A few weeks ago, I experienced an extreme case of an employee not being able to take negative feedback. He had been performing poorly for quite some time and he was given feedback by his manager time and again. As is usual with a person who cannot take feedback, he did not improve at all. After a few months, his boss then involved his senior manager to have a conversation with the employee. For anonymity I will call him Offendix.
This is how the conversation went :
"Offendix, you have been given feedback a multiple times about not performing well , but we see no improvement "
"I HAVE performed well. It seems everybody is out to get me !"
"No. We have shown you the data , Offendix ! It clearly proves the point !"
Offendix is silent for a moment .
"But, the data may be incorrect . I have done well on dates blah, blah m blah and for tasks blah blah, blah .. "
"You have not improved !"
"There is nothing to improve ! There is politics in the situation. No one else is being treated like this!"
All of us have experienced the situation when negative feedback is dished out to us. It is how we deal with it . Almost like looking at a glass and thinking it to be half full or half empty.
No one likes negative feedback.
And it takes a lot of maturity, positivity and experience to handle these situations. The most common reaction is of denial , just like Offendix. We might have read so many articles on how not to react, but this feeling comes almost involuntarily. We think we cannot go wrong and the other person is just showing his power and position to put us down.
But usually that is not the case.
In most of the cases, feedback is given so that we can improve.
We might not like it but the key is to listen. And, usually, when we listen, at the back of our mind we are defending ourselves and preparing for the rebuttal. We should try to listen with an open mind. Listen to what is being said . It is also a good idea to separate out facts from opinion. Offendix had been given the data from the project plan when he could not meet the deadline. He was also given the data where numerous bugs were detected in in code . These are facts ! And there can be opinions - for example - "I did not like the way you conducted the meeting " .
Another way to conduct yourself, if possible , is not to provide justification on the spot. It is always a good idea to take a bit of time and then talk to your supervisor about it . It is perfectly justified to say " I get your point . But maybe, I am getting a bit defensive. I have noted down the points. Can I talk to you tomorrow ? " This will show your maturity and it will be an indicator that you have listened to the feedback and are considering it important.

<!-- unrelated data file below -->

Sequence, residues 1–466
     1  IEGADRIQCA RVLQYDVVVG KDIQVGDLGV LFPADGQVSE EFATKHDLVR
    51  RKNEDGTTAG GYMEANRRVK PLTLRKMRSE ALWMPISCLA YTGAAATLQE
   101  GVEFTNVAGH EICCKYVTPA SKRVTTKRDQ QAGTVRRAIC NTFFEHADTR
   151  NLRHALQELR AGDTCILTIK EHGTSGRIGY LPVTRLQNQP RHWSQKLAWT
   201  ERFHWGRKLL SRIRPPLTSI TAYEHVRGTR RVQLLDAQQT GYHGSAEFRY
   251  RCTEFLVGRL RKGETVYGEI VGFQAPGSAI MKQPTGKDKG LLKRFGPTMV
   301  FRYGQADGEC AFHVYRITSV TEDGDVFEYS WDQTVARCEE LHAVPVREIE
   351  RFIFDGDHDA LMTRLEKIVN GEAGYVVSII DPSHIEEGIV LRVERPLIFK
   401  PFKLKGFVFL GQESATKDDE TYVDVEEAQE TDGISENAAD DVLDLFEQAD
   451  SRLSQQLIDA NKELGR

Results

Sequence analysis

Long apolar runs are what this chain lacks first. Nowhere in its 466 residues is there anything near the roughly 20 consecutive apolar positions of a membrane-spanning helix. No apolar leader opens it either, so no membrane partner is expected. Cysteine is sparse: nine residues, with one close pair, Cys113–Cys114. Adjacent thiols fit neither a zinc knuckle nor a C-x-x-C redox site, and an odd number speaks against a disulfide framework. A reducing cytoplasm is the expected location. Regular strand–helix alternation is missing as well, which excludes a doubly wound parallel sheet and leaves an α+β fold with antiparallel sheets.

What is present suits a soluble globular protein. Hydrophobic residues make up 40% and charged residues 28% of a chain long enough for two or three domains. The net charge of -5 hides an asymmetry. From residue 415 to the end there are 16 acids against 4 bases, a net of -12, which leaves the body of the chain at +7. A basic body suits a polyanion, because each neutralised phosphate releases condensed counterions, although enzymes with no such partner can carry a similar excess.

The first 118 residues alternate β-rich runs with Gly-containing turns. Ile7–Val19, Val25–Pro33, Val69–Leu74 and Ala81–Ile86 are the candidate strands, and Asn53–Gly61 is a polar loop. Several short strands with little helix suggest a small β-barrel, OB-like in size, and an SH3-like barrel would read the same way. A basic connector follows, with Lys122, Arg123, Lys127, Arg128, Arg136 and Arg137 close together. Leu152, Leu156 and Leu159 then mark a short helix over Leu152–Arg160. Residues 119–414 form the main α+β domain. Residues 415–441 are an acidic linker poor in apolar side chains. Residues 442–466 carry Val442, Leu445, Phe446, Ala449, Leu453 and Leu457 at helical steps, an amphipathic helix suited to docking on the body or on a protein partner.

Here is where the facts and opinion data will come in handy.
You can frame questions like ,"In your opinion , I did not conduct the meeting properly . I think I started blaming Mr X . Is there anything else you can point out ? " Or " The bugs which have been marked against me, two of them were due to my negligence but the other two were due to the other changes being made " .
You will be more prepared and yes, you will be able to justify and clarify your points as well.
In my experience, mostly, it depends a lot on how the feedback is given. Most of the times , I hear things like "It is not about the feedback , but the way it was told to me ... " .
Yes, there are people in all organizations who of are egoistical and take advantage of their position, but when the feedback is being given, you should listen and not interrupt. But yes, in that case, take it with a pinch of salt or sugar ! Remember, you are a professional ! Behave like a pro !
Another point - do not take it personally. It is like if you fall sick and you go to a doctor who advises you to quit smoking. You will not like it. But you know that it is for your good.
Having said all this, one last word of caution.
Know that these only apply to constructive, well-meant criticism.
Unfair and overly negative feedback is also used as a tool by bad managers and workplace bullies to demean and control others. Though not always possible, do not put up with personal and unfair attacks at workplace.
Mind you, I have said "attacks" and not "feedback". .
We all desperately need feedback – both positive and negative.
Tell me what I do well AND tell me what I can do better.